This week we bring you a politically charged documentary from Brazil, a compilation of exciting new gay shorts from around the world, a coming-of-age film from Switzerland, and a short thriller from Germany.
Scroll down to learn more!
The Eyes of Bacuri – Repare bem (dir. Marie de Medeiros, France/Brazil/Italy)
In 1970, guerrilla leader Eduardo Leite “Bacuri” died at the hands of the Brazilian military dictatorship, after 109 days of torture. His partner, pursued and imprisoned during her pregnancy, managed to flee and go into exile after the birth of little Eduarda. Today, Denise and Eduarda have been the subject of an amnesty and compensation from the Ministry of Justice in Brazil.
Director Maria de Medeiros reveals the cruelty of repressive regimes in Brazil and Chile and the courage of the people who fought against them.
New Queer Visions: Seeing is Believing (Tunisia/Philippines/Australia/Belgium/USA/Mexico)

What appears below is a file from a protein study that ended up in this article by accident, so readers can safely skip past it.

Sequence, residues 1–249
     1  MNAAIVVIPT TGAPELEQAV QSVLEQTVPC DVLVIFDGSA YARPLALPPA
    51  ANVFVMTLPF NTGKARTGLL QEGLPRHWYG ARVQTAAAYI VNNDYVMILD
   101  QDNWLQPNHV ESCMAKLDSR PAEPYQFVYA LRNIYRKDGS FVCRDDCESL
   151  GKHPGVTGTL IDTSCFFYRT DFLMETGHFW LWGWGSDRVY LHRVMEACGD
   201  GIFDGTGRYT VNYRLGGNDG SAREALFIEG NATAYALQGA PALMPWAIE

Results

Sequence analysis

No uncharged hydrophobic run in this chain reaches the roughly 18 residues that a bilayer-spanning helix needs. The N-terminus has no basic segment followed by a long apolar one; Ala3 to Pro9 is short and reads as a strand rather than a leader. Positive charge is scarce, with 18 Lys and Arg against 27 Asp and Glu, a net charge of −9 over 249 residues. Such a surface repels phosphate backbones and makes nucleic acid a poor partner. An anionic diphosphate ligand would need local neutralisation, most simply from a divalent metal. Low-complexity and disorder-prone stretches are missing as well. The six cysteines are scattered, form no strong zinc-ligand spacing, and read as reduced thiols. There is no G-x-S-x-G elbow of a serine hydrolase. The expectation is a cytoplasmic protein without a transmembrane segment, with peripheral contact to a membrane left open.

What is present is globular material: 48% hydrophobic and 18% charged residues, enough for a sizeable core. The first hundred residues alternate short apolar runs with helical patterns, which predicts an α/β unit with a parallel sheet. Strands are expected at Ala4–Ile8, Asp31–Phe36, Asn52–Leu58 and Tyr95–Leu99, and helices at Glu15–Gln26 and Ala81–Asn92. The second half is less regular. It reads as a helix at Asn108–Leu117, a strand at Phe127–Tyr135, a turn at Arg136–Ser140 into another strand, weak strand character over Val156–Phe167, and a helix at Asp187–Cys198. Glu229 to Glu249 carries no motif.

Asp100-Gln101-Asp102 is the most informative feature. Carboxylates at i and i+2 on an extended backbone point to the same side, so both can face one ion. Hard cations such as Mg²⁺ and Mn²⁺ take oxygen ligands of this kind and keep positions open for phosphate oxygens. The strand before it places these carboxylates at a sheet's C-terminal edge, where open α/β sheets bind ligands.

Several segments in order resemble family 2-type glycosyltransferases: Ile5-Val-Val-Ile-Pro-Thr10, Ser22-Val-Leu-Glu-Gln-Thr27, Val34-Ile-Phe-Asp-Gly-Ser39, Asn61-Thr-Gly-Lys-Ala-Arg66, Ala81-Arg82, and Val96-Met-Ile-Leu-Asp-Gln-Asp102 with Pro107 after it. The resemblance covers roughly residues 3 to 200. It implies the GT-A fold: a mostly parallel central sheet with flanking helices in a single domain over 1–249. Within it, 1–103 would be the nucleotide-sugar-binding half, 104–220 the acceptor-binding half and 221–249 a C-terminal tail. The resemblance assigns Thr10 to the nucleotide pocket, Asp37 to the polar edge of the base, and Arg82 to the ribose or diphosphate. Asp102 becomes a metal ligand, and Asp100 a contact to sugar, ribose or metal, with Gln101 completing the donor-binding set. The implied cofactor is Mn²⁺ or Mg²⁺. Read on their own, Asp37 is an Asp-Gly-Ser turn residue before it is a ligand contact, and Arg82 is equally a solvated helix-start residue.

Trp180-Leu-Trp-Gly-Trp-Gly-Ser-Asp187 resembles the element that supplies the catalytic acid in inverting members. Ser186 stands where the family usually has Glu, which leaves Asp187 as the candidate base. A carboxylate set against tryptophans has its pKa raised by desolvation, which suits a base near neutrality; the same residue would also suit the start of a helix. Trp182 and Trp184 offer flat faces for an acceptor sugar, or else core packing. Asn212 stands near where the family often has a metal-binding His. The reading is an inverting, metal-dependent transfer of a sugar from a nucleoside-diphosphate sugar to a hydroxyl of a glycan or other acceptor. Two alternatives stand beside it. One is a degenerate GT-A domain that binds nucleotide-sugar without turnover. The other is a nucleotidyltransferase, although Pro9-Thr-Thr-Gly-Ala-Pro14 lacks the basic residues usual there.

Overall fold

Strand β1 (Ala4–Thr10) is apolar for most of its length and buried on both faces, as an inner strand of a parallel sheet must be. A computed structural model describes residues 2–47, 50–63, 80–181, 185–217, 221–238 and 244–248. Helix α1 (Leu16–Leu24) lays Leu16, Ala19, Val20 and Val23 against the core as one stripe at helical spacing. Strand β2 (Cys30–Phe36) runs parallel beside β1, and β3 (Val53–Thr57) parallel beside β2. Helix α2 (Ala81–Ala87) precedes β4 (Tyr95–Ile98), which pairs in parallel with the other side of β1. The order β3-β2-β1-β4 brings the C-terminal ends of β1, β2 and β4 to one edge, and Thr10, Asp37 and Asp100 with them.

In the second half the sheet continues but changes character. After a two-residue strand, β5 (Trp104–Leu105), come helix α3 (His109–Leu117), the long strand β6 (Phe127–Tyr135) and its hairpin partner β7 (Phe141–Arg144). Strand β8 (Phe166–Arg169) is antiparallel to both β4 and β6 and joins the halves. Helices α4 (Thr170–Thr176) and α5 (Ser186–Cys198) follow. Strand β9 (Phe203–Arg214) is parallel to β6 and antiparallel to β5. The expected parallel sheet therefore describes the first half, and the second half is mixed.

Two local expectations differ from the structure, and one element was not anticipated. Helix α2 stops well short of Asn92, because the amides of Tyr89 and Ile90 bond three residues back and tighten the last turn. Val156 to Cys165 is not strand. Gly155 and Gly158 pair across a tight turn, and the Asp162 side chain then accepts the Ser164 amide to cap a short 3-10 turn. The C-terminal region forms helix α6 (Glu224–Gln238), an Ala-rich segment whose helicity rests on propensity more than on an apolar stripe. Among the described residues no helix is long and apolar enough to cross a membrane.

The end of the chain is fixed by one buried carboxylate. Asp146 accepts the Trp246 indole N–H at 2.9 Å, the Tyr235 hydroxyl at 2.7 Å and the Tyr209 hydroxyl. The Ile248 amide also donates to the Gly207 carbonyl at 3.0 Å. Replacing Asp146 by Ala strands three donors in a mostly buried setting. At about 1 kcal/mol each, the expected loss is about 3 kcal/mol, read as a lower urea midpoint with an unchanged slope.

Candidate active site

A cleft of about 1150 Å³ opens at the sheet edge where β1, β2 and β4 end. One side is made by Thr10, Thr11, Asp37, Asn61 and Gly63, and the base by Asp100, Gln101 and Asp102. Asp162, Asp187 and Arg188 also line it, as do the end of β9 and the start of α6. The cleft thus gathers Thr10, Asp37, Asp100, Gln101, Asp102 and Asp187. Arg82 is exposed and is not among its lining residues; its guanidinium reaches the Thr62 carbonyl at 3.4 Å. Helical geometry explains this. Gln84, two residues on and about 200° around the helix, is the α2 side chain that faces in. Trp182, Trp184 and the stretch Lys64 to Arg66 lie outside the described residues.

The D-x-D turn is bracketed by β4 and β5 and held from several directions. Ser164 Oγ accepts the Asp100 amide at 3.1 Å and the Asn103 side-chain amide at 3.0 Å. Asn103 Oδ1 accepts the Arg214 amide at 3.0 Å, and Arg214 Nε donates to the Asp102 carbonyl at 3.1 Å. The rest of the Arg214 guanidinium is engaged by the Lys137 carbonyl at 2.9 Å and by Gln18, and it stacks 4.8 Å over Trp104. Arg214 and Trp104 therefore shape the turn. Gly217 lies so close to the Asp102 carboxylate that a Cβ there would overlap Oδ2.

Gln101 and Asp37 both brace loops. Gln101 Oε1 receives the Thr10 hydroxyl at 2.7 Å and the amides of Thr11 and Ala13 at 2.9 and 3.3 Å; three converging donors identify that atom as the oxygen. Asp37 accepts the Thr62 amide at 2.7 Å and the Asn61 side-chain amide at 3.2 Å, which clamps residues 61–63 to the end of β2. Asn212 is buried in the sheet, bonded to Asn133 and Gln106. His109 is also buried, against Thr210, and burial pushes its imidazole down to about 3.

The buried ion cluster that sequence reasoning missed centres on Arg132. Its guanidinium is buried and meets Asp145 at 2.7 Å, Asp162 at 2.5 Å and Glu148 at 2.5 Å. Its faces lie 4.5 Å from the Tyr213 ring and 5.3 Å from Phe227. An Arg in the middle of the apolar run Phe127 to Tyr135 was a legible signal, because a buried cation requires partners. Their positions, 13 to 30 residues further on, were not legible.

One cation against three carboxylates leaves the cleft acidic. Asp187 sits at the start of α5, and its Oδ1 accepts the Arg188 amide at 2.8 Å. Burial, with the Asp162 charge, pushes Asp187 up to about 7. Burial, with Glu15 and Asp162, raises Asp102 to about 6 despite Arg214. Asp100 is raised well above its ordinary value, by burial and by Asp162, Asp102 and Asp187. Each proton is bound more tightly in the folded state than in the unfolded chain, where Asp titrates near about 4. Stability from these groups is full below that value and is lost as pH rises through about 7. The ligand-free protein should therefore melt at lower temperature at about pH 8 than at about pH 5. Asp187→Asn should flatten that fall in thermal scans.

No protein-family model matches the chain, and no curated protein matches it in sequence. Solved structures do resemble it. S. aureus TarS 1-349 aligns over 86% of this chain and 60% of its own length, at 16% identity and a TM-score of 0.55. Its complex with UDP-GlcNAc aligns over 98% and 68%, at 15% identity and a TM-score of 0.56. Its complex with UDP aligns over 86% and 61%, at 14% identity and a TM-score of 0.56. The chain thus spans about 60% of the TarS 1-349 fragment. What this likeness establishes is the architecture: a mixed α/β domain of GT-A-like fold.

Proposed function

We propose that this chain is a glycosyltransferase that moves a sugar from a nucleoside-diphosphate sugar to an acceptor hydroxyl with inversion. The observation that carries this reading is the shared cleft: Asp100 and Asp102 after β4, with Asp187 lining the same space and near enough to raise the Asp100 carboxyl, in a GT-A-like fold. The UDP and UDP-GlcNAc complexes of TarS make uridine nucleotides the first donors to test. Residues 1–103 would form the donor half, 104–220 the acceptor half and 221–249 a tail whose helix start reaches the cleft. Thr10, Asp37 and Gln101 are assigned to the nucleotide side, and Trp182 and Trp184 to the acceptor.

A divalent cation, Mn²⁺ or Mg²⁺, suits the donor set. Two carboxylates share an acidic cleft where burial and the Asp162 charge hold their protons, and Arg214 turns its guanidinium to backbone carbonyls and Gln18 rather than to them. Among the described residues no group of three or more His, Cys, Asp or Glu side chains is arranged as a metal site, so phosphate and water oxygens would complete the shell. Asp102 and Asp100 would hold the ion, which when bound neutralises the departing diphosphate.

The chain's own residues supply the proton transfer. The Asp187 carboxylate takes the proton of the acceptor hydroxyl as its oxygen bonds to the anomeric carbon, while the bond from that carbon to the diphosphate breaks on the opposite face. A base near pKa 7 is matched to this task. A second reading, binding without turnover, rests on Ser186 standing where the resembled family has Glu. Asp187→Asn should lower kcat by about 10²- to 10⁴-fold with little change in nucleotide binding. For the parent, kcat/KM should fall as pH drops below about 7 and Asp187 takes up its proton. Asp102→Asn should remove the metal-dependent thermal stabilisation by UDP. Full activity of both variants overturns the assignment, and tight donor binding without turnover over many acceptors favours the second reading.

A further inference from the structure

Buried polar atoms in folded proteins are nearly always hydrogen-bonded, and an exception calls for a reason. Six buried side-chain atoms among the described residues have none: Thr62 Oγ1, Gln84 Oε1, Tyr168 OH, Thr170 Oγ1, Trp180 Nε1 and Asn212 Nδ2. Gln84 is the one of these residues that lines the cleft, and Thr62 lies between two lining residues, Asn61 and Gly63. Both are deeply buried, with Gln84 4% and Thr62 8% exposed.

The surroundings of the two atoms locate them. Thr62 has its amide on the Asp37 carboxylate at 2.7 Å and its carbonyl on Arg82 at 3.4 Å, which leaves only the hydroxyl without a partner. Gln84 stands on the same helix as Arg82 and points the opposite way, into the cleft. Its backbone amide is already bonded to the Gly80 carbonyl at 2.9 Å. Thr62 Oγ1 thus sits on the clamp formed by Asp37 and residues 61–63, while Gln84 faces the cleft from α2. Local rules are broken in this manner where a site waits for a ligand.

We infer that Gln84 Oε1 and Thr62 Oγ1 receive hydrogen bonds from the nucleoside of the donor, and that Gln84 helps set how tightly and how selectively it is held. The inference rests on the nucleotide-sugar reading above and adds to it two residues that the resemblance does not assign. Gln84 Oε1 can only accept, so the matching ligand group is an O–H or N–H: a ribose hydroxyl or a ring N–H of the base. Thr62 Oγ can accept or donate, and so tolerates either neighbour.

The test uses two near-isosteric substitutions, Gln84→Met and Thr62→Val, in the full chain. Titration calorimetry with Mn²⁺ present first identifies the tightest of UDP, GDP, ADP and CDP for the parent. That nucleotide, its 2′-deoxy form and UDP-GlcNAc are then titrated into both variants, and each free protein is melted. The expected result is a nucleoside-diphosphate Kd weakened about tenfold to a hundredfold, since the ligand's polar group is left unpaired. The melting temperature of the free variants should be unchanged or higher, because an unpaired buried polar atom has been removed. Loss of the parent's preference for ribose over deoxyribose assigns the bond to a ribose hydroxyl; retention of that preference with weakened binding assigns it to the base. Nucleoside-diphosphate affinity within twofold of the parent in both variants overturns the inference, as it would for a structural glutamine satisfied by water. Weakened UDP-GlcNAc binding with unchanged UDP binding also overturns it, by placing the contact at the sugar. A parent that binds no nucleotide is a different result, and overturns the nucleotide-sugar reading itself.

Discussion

In a world where men hide their true love and feelings, where a mother turns a blind eye to her son’s identity, and where religion dictates that a man may only lie with a woman – is everything we see truly what it seems to be? The latest release from New Queer Visions takes a look at representations of boys and men, how desires are hidden from those around them, and how self-belief conquers doubt.
Little Man (dir. Jean-Guillaume Sonnier, Switzerland)
David is a young apprentice jockey, reserved but determined. At the training centre he is fascinated by Eliab, just a little older than him, a jockey for a famous racing stable. To get to know him better and to obtain his advice, he spies on him and covers up his nightly escapades. Eliab starts to open up to him. But is David sure of his own motivation?
The Nurses of Blackchapel (dir. Richard Paraiso, Germany)
A woman has been confined to a mental institution. She pretends to have extrasensory perceptions and the power to cause people’s deaths by accident or suicide, merely by playing with figurines, and she can’t get rid of that power whatever she does. However, it appears that the clinic medical staff is not completely sane. We are then witnessing something close to a psychiatric war between illusion and reality